For example with:
Total population = 400000
Number of villages = 800
The average population is 500

How can I randomize the amount of people in each village using a specified deviation (eg +-50) so that it equals the total population?

I came up with a solution using this normal distribution class
Basically I created a normal distribution and used the Probability Density Function to determine the amount of villages at each discrete level (until the population total was hit).

This is something I wrote quickly to demonstrate:

 NormalDist dist = new NormalDist(500.0, 50.0);
 int popX = 500;
 int numberOfPopXVillages = Convert.ToInt32(Math.Floor(dist.PDF(popX) * 800)); ;
 int totalSum = 0;
     totalSum += popX * numberOfPopXVillages;
     totalSum += (1000 - popX) * numberOfPopXVillages;
     numberOfPopXVillages = Convert.ToInt32(Math.Floor(dist.PDF(popX) * 800));
 } while (numberOfPopXVillages >= 5);

The total sum here is 400000. The algorithm isn't perfect but I'll keep working on it. Thanks everyone.

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    – gnat
    Commented Apr 13, 2014 at 9:09
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    Commented Apr 13, 2014 at 9:59
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    – user126795
    Commented Apr 13, 2014 at 10:04

1 Answer 1


First, you use Normal distribution to generate population of each village. This should give you number that is pretty close to total population. To get exact population, just add or remove the difference evenly across all villages.

The problem of this algorithm is that there is some probability of generating negative population. But that heavily depends on parameters. For parameters from your example, the probability is extremely slim. But for parameters (10000, 100, 50), the probability is there.

import random

def generate_villages(total, count, deviation):
    average = total / count
    villages = [random.gauss(average, deviation) for _ in range(count)]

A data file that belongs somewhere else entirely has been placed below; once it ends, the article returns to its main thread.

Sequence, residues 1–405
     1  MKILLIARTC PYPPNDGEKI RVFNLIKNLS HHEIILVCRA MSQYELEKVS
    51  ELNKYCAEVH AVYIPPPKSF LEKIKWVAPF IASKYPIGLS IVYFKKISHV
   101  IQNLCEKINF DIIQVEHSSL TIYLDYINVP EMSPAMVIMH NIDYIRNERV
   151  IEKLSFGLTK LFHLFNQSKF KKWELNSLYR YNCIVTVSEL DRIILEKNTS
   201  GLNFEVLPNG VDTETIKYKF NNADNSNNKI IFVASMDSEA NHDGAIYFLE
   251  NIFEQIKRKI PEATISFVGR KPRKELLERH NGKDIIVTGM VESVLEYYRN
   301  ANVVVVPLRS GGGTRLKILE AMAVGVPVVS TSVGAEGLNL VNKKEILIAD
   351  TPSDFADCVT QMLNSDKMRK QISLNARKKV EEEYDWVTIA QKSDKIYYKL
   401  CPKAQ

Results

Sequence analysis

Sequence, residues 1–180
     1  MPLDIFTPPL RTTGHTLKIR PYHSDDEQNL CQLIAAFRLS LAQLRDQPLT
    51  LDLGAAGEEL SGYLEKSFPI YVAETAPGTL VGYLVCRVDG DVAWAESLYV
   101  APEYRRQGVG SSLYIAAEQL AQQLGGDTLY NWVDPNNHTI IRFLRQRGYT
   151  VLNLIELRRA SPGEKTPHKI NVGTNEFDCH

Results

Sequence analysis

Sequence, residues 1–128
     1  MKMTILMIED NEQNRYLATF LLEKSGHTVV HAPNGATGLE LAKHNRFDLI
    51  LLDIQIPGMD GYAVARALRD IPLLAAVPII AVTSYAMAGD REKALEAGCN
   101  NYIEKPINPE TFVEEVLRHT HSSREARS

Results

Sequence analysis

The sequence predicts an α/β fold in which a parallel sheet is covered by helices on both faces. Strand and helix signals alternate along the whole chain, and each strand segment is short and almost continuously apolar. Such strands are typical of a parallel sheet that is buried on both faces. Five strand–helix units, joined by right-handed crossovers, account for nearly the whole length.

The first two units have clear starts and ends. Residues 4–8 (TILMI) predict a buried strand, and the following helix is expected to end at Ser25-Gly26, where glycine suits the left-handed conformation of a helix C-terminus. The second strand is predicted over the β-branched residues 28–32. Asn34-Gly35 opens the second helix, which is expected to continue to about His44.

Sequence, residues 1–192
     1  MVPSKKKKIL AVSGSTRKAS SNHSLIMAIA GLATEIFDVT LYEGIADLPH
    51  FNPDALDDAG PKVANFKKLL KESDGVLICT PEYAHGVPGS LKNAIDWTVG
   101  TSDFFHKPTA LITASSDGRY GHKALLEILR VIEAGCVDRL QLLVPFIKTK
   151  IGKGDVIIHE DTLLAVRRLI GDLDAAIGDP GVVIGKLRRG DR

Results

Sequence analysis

diff = (sum(villages) - total)/count
    villages = [round(v - diff) for v in villages]
    return villages

vil = generate_villages(400000, 800, 50)

While this code doesn't give precise number. It deviates +-10 which is fine.

  • @user126795 This answer is probably useful, but not technically correct. E.g. the normal distribution assigns a (negligible) probability to negative values as well, but there is no proper interpretation for a negative population. The normal distribution is also continuous, whereas population is discrete. It would be good to investigate non-negative, discrete distributions like the Poisson distribution (although that specific distribution doesn't allow arbitrary deviations as the standard deviation is always the sqrt of the mean).
    – amon
    Commented Apr 13, 2014 at 9:14
  • @amon What negative population when center of distribution is in 500 with deviation of 50? Most of the populations will fall in range of 450-550 with minimum between 400-600. Also, what stops you from round the real number you get from distribution to an integer?
    – Euphoric
    Commented Apr 13, 2014 at 9:17
  • 1
    The normal distribution is “good enough” to quickly fudge some numbers, even when its usage isn't appropriate from a mathematical standpoint. Hence, my upvote. Generally, the model should dictate the distribution, but many things happen to be normal-distributed. For the question's parameters, there is a chance of p=5.5100800E-21 that one of the 800 villages will have negative population – absolutely negligible, but not nonexistent.
    – amon
    Commented Apr 13, 2014 at 9:37

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